This could be launched during the sermon.  Or, the lists or plates could be handed out just before the benediction with Jesus’ charge to the disciples “YOU give them something to eat” and followed with a benediction sending them out to do this in God’s presence.

> Do a little worship education about the phrase “Give us this day our daily bread” from the Lord’s Prayer.  Point out that the pronouns are plural.  We can’t pray just for our own needs.  Identify things in addition to food that are physical needs for all people.  Then, pray a responsive prayer of intercession for the hungry of the world.  The congregation’s response to each petition is “Give us this day our daily bread.” 

This could be addressed to the whole congregation just before the prayer or it could be a children’s time just before and during this prayer of intercession.

> Discuss the practice of saying a blessing or grace before meals.  Offer samples.  If you sense that many in the congregation have let this practice go, challenge individuals and households to try it at least one meal each day this week.  Suggest that they agree on a meal and the prayer they will say in the car on the way home from church.  Call it "worship homework."

My favorite book of mealtime blessings for families which include young children is Thank You for This Food: Action Prayers, Songs, and Blessings for Mealtime, by Debbie Trafton O’Neal.  Since it costs about $3.00 it would be possible to give a copy to each family with young children to encourage them to adopt this spiritual discipline.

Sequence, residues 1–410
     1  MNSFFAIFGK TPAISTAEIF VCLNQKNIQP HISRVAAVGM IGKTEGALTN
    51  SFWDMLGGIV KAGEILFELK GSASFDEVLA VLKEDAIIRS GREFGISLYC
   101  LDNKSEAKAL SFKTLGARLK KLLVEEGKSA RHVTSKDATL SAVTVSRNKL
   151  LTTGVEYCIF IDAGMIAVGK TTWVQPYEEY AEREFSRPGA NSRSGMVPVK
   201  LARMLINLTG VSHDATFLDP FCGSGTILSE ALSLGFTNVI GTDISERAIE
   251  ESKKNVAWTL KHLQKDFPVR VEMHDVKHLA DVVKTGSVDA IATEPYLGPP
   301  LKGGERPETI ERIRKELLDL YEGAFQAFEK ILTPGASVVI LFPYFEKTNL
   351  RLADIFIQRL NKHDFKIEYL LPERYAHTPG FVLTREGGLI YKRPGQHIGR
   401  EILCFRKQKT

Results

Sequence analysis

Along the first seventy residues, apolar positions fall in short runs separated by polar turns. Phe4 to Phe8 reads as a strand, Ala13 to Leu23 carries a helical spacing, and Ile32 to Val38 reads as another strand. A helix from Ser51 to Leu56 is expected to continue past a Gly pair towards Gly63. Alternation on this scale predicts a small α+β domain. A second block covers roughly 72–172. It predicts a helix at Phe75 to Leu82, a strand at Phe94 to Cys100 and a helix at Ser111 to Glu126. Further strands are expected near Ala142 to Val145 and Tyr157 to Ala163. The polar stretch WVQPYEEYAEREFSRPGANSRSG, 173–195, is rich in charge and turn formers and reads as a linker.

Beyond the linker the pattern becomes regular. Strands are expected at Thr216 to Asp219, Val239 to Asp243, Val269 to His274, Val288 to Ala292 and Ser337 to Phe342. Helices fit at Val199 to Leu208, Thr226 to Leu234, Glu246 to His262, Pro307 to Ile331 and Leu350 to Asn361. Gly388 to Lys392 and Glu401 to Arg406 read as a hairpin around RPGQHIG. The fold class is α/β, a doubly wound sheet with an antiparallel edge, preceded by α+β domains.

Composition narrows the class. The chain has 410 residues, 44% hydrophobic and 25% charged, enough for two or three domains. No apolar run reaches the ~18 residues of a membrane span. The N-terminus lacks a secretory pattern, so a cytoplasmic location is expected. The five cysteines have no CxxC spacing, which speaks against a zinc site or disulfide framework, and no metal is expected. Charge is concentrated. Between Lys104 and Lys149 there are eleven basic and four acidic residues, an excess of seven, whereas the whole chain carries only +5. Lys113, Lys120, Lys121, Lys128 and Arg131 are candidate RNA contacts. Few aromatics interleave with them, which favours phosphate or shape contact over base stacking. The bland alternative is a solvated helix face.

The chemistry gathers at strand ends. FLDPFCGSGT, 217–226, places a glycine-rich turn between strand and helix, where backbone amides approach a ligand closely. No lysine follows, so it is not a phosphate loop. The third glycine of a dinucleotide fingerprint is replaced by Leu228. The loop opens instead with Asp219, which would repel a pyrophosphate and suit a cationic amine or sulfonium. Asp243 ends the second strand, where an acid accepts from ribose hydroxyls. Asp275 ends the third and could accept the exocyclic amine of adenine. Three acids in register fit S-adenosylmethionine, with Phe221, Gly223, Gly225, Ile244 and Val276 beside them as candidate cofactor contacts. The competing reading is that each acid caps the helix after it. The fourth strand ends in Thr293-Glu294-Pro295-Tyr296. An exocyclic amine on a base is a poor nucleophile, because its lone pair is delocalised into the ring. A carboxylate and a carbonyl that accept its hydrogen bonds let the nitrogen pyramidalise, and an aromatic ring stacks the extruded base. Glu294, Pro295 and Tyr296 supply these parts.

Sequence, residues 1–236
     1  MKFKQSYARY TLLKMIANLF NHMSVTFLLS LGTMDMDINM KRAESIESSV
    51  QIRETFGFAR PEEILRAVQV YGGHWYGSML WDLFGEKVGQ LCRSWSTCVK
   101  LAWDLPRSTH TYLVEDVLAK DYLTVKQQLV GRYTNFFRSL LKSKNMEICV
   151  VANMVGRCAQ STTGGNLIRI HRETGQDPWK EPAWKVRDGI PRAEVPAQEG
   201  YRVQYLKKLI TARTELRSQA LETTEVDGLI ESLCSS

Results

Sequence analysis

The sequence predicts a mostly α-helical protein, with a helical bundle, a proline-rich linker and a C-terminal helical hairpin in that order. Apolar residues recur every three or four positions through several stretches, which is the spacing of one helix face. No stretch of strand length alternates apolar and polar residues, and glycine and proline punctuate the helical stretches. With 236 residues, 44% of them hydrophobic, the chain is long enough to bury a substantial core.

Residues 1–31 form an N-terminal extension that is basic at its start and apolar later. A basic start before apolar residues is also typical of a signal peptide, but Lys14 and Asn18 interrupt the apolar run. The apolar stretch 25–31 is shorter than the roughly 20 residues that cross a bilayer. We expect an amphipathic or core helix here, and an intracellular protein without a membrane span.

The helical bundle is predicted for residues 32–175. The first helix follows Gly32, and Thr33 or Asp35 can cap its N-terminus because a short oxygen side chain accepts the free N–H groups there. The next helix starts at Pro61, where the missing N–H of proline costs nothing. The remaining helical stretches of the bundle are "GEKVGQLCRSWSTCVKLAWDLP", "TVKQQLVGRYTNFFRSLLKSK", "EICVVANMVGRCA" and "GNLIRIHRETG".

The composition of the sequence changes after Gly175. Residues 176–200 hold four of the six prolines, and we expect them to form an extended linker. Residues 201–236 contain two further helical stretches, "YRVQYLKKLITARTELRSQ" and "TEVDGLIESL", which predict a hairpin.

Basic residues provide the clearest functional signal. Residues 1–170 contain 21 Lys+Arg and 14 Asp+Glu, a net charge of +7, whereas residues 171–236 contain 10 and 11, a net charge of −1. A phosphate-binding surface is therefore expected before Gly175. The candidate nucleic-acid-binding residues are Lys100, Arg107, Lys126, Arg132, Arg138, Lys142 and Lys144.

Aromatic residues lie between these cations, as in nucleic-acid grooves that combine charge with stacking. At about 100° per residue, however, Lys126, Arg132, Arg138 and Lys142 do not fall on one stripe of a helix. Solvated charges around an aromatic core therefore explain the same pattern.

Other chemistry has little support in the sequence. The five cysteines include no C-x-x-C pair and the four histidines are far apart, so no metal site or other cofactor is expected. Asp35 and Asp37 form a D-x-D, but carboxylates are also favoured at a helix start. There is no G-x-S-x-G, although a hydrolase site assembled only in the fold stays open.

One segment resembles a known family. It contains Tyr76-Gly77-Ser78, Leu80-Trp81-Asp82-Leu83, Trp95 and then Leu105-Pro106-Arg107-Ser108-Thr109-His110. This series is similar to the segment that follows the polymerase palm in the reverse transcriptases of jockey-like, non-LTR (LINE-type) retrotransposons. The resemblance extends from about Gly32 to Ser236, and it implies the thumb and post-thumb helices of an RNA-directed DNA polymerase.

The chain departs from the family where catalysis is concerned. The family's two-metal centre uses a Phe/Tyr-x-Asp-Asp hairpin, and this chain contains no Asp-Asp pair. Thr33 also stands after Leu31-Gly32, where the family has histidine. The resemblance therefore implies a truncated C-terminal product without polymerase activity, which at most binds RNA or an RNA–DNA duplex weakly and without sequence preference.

> Because in many congregations this will be a Communion Sunday and because most people will associate this story with the little boy who shared his lunch with the crowd in other gospel versions, it is a good day to include children in leading sacrament.  Possibilities include:

-        Children carry in the elements (or the central loaf and cup) and place them on the Table

-        Children partnering with adults distribute the elements.  If Communion is served by intinction, a child can hold the bread tray beside an adult who holds the chalice.  If Communion is served in pews, children could pass the bread trays with adult partners at the other end of the pew.  Adults probably need to pass all the cup trays to avoid disasters.

-        Allison in Pennsylvania talked through the words of invitation with the children gathered around her.  She then had them give the Invitation to the congregation by echoing her as she spoke each phrase.  They then returned to their seats to share in Communion.

No comments:

Post a Comment

Click on Comments below to leave a message or share an idea